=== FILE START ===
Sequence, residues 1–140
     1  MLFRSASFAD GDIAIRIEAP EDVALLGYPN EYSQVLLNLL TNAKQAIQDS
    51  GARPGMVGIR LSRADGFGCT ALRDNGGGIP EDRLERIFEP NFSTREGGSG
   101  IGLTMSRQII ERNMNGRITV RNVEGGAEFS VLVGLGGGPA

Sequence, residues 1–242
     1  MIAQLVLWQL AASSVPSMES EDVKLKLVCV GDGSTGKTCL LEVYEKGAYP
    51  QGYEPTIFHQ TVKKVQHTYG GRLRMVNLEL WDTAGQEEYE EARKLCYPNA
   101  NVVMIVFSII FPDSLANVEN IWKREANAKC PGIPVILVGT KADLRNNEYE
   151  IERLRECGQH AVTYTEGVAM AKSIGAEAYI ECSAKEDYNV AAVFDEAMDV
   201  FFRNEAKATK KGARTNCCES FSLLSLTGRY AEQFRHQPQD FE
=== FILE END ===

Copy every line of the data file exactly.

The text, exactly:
Sequence, residues 1–140
     1  MLFRSASFAD GDIAIRIEAP EDVALLGYPN EYSQVLLNLL TNAKQAIQDS
    51  GARPGMVGIR LSRADGFGCT ALRDNGGGIP EDRLERIFEP NFSTREGGSG
   101  IGLTMSRQII ERNMNGRITV RNVEGGAEFS VLVGLGGGPA

Sequence, residues 1–242
     1  MIAQLVLWQL AASSVPSMES EDVKLKLVCV GDGSTGKTCL LEVYEKGAYP
    51  QGYEPTIFHQ TVKKVQHTYG GRLRMVNLEL WDTAGQEEYE EARKLCYPNA
   101  NVVMIVFSII FPDSLANVEN IWKREANAKC PGIPVILVGT KADLRNNEYE
   151  IERLRECGQH AVTYTEGVAM AKSIGAEAYI ECSAKEDYNV AAVFDEAMDV
   201  FFRNEAKATK KGARTNCCES FSLLSLTGRY AEQFRHQPQD FE